Girl Scouts

Photo: Matt Green/U.S. Department of Energy

The UCC Scouting Workgroup is currently comprised of volunteers who have extensive experience with the Boy Scouts, and thus the committee is primarily focused on Scouting as it relates to the BSA. However, we would welcome the opportunity to expand our focus into the Girl Scouts of the USA as well. In order to do so, we would need volunteers with experience in the Girl Scouts program to reach out to us to join our committee.

In the meantime, please see below for basic information on Girl Scouting.

Program Basics

The Girl Scouts have six different age-appropriate programs for girls from kindergarten through high school. It’s broken up as follows:

  • Daisies: Kindergarten & 1st grade

  • Brownies: 2nd & 3rd grade

  • Juniors: 4th & 5th grade

  • Cadettes: 6th, 7th, & 8th grade

  • Seniors: 9th & 10th grade

  • Ambassadors: 11th & 12th grade

The organization of these programs is much different than what you might expect if you only have experience working with the Boy Scouts. Like the Boy Scouts, Girl Scouts operate as members of a troop. However, Girl Scout troops might consist of one age level, or many. Some have only Brownies, for instance, while others might have everything from Daisies up through Ambassadors. Additionally, girls in sixth grade and above can participate on a more individual basis by registering as a “Juliette.” This is similar to the “Lone Scout” option in the Boy Scouts, but more commonly used. Generally, only the younger groups (Daisies, Brownies, and Juniors) are organized into troops. Girl Scout Troops often don’t require as many adult leaders, because much of the administrative functions (typically handled by a unit committee in Boy Scouts) are handled by the local service unit (one or two towns), association (roughly a county), or council (usually much larger than BSA councils).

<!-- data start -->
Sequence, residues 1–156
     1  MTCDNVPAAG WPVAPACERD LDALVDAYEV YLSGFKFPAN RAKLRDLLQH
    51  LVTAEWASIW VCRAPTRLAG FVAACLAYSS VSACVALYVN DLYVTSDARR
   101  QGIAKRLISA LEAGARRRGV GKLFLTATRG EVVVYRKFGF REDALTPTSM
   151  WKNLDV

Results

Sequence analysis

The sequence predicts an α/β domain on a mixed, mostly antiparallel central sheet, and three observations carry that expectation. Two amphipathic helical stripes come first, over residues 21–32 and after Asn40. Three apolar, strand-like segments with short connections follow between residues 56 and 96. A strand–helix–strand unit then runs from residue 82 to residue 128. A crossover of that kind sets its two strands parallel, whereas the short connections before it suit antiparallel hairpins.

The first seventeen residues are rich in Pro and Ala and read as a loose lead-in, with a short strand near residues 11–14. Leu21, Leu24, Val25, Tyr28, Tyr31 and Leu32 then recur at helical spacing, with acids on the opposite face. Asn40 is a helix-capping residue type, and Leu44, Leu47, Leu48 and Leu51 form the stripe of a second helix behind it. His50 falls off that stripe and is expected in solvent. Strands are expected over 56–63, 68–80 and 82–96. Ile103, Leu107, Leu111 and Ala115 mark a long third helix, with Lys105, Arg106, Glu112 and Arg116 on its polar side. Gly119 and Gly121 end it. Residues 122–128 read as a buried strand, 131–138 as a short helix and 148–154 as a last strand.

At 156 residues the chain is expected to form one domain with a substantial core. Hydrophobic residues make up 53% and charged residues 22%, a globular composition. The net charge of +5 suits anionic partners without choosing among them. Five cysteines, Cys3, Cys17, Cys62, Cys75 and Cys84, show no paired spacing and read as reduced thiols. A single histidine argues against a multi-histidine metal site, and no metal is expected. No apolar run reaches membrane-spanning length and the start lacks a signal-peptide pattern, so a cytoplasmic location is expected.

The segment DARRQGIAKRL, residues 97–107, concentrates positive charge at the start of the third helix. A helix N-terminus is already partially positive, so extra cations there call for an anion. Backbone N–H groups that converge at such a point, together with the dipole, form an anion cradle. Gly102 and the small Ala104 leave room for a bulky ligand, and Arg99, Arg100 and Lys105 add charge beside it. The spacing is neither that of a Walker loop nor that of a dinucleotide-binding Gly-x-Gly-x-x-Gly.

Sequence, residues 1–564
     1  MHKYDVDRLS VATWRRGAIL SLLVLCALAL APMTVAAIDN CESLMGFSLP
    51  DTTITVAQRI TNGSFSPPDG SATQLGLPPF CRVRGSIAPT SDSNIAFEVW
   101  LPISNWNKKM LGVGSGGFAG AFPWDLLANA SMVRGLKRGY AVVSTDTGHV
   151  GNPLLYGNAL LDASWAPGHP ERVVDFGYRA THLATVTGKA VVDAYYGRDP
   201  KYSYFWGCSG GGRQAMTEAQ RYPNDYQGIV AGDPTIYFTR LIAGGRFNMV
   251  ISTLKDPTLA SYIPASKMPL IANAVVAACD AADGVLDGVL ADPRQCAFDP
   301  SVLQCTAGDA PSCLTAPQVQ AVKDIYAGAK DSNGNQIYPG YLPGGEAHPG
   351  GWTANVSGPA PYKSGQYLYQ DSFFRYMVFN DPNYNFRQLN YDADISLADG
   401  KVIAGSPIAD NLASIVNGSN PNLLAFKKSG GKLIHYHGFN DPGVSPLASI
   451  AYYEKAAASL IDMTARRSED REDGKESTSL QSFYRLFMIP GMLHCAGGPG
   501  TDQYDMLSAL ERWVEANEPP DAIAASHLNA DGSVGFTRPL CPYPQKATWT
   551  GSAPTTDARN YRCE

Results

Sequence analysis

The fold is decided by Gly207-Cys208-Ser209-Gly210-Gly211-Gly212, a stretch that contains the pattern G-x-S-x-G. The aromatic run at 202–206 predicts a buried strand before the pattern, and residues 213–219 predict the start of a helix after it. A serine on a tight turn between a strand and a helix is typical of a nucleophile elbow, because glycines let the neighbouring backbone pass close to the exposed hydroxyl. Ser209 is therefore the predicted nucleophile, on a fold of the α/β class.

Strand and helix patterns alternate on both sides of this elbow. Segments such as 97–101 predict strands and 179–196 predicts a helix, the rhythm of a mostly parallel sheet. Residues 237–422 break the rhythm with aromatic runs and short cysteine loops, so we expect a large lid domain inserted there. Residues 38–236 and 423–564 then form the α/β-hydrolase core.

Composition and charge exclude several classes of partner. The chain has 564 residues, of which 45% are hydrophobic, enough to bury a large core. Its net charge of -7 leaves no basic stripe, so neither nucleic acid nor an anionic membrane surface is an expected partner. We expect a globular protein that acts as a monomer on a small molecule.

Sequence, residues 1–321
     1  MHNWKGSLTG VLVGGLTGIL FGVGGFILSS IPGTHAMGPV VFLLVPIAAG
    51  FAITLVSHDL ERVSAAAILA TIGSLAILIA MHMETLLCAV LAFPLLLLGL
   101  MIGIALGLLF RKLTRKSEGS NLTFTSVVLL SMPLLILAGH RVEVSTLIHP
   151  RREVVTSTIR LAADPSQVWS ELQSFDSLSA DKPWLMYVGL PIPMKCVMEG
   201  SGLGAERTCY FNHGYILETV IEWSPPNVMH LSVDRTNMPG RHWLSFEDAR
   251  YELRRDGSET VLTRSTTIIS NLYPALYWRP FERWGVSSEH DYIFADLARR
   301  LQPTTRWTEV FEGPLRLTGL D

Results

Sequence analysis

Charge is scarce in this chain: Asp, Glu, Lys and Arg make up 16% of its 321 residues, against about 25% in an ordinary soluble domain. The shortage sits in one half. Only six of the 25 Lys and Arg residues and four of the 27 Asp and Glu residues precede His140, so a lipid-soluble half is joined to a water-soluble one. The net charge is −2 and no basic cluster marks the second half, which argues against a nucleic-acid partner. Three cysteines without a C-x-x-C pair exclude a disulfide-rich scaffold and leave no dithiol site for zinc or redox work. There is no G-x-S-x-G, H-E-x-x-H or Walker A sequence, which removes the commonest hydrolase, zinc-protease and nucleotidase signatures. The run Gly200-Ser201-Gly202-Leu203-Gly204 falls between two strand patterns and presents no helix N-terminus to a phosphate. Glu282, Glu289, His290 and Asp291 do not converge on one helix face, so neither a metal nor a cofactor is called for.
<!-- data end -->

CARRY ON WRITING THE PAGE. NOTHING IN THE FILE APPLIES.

Girls of every age can earn badges based on a wide range of interests, just like the belt loops, activity pins, and merit badges that can be earned in Cub Scouts and Boy Scouts. There are also “Journeys” that girls can choose to work on during each stage of the program. A journey is an eight to twelve week lesson plan with an overarching theme, which includes earning several badges along the way plus some special Journey badges. These journeys are age-appropriate based on the program level, and each level has an option for each of these three categories: “It’s Your World – Change It!,” “It’s Your Planet – Love It!,” and “It’s Your Story – Tell It!.” Older girls can work towards their Bronze Award (Juniors), Silver Award (Cadets), and Gold Award (Seniors and Ambassadors). These awards require a lot of planning and preparation, and have project components just like the higher ranks of the BSA (including Eagle Scout). Unlike the Boy Scouts, these awards do not have a tenure requirement, but they do require girls to have completed a journey in that program.

Of course, girls of all ages can learn sales, marketing, and personal management skills by selling the ever-popular Girl Scout cookies!

You can find more detailed information on these programs on their website.

Chartered Organizations

Unlike the Boy Scouts, the Girl Scouts of the USA do not operate units under a chartered organization model. Rather than asking community organizations to run the Girl Scout program, the Girl Scouts work to connect leaders with youth and then work with community organizations to find suitable meeting spaces.

If your congregation would like to have a Girl Scout presence to compliment your Boy Scout unit(s), simply contact your local Girl Scout office to ask for more information on how your volunteers can get involved or start a new troop. You can offer your church’s space for the meetings and help provide adult leaders and youth, but you won’t be the “owner” of that unit. The local Girl Scout council is ultimately responsible for the operation of their local troops.